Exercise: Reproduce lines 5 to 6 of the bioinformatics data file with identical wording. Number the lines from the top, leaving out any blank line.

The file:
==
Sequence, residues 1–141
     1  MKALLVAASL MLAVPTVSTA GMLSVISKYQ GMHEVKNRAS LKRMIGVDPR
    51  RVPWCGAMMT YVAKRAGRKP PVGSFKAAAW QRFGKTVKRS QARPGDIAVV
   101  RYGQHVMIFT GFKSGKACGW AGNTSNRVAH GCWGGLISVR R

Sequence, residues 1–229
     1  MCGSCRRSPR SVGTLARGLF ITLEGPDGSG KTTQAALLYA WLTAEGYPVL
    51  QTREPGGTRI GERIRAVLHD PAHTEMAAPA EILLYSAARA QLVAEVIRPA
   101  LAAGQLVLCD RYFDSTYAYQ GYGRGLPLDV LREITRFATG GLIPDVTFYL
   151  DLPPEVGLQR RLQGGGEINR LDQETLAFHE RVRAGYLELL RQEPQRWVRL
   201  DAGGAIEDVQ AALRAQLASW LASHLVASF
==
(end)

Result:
Sequence, residues 1–229
     1  MCGSCRRSPR SVGTLARGLF ITLEGPDGSG KTTQAALLYA WLTAEGYPVL